Tenants win hope of bedbug-free building


Bedbug infestation is widespread in Minneapolis rental property. Bedbugs lead to renter instability/forced relocation as tenants flee infested buildings. Bedbugs also cause great distress and property damage to tenants who can ill-afford to throw out and replace the mattresses, box-springs, and furniture that become infested with bedbugs during their tenancy in a bedbug infested apartment building.
The future looks better for tenants in a 26-unit apartment building in the Longfellow Neighborhood now that city inspectors have ordered their landlord to implement a comprehensive plan to eliminate their building’s bedbugs, cockroaches, and mice. The city order issued Oct. 15 directs the landlord to submit a detailed extermination plan for the entire structure within seven days and complete extermination within 30 days. The order states that follow-up extermination treatments and heat treatments for bedbugs will be required if the initial chemical exterminations are not effective.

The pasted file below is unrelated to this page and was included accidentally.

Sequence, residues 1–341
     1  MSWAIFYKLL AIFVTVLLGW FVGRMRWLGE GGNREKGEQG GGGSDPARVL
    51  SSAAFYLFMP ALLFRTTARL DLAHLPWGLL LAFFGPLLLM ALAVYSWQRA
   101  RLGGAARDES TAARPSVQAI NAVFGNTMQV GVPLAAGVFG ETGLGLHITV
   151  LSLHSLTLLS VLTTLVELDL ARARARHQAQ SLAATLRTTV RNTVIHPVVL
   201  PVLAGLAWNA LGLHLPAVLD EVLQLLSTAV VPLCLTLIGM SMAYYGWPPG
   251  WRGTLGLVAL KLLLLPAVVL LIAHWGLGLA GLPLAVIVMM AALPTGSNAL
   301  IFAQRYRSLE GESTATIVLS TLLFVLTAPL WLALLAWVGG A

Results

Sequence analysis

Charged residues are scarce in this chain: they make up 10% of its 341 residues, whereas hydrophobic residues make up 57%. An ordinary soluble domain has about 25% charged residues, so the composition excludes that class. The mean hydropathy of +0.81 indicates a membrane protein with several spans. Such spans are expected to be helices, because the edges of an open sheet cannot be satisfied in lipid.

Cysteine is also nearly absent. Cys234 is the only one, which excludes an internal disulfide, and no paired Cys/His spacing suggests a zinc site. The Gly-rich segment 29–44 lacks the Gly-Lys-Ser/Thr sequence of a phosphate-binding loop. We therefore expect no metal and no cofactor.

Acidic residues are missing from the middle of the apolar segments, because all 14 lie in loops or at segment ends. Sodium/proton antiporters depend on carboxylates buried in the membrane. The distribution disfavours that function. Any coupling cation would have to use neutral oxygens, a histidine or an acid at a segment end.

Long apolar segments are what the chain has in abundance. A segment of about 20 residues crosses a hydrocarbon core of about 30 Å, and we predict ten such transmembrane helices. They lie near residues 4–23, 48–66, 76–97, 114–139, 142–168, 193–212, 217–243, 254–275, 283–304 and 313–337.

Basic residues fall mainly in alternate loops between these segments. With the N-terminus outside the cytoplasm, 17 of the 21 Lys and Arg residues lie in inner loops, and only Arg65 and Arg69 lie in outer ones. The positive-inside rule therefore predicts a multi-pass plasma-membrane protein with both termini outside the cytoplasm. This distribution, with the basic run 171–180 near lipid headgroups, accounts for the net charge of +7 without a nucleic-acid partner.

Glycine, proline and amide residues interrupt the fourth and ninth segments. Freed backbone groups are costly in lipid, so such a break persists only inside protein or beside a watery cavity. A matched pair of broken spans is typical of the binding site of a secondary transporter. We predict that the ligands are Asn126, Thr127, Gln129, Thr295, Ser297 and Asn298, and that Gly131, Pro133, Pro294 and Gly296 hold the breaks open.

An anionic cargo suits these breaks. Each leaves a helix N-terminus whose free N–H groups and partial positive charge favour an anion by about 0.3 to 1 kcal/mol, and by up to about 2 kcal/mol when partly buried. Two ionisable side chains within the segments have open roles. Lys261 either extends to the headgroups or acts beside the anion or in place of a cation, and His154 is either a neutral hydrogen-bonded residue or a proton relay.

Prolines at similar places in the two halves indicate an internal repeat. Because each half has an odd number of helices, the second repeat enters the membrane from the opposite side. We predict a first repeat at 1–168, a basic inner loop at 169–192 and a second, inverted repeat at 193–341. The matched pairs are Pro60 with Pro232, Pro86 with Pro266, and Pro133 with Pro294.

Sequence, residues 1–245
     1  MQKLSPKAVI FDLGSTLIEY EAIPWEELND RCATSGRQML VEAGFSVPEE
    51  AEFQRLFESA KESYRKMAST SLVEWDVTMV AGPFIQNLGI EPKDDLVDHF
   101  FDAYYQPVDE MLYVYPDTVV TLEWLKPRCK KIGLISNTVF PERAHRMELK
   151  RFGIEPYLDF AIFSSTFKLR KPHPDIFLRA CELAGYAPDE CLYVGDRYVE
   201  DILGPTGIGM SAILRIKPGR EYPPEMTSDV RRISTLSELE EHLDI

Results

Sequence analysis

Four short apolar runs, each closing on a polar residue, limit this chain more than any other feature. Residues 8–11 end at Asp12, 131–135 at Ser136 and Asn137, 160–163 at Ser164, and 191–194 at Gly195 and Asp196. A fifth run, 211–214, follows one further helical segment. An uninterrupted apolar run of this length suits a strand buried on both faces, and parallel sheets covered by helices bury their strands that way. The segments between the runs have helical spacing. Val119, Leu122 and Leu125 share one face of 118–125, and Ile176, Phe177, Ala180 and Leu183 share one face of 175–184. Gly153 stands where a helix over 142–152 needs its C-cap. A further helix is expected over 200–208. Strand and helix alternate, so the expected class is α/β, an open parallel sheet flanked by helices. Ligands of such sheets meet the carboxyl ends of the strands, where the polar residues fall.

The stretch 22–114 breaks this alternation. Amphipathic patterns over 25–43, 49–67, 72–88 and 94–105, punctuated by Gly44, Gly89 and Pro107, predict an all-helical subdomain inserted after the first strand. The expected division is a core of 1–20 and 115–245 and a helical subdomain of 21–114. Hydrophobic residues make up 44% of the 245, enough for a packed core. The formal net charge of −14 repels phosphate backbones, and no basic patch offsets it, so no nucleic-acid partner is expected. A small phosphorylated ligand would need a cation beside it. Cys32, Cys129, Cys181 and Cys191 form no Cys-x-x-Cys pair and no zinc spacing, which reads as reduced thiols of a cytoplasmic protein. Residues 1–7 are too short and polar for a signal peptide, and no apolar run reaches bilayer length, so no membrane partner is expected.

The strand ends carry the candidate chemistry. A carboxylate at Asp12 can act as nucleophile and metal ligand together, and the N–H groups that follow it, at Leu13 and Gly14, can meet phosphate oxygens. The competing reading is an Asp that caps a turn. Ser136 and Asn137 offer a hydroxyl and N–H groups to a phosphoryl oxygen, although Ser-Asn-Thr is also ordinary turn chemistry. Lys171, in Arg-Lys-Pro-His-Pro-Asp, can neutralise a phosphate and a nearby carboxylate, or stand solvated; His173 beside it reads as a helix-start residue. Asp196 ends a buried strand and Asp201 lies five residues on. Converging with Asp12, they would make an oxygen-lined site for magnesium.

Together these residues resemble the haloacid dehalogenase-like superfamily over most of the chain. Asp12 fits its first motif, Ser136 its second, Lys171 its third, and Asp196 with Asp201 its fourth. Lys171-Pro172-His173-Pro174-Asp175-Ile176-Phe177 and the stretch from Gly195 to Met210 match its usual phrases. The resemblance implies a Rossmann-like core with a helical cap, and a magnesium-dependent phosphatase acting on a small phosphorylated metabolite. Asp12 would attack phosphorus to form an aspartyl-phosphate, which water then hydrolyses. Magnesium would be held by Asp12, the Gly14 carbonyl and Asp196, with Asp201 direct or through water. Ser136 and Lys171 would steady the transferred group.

Bedbugs have been a particular tenant concern at the building. Tenants report that tenant turnover at the apartment building is high due to uncorrected bedbug conditions and that many tenants have required medical attention and lost mattresses, box springs and sofas due to the bedbug infestation.
“The bedbugs bit up my neighbor’s child something awful. She had to move. Ruined her furniture, too,” said Ms. Frances Carter, an elderly resident. “My own grandchildren can’t come to see me here because of the bugs. My children won’t let them. I can’t blame them, but it’s a shame. If this order for extermination works, my grandkids will be able to visit me here again. That will be a wonderful day.”
Tenants have been working with the Minnesota Tenants Union to combat the bedbug problem and to address other health, safety and other repair issues at the building. The building is structurally sound and should be preserved as a valuable housing resource, said Minnesota Tenants Union member Peter Brown. It has serious housing code issues, but they are all correctable. This order is an important step forward because it takes a realistic, comprehensive building-wide approach, the only way to effectively deal with bedbugs.
This is not just for our building, said Denise Tyler, one of the building’s tenant leaders. This is a step forward for tenants and their children all across Minneapolis. We know that bedbugs are a major epidemic in Minneapolis. If this positive thing (bedbug extermination) can happen with our building it can happen all across Minneapolis. We are in this for the long haul.

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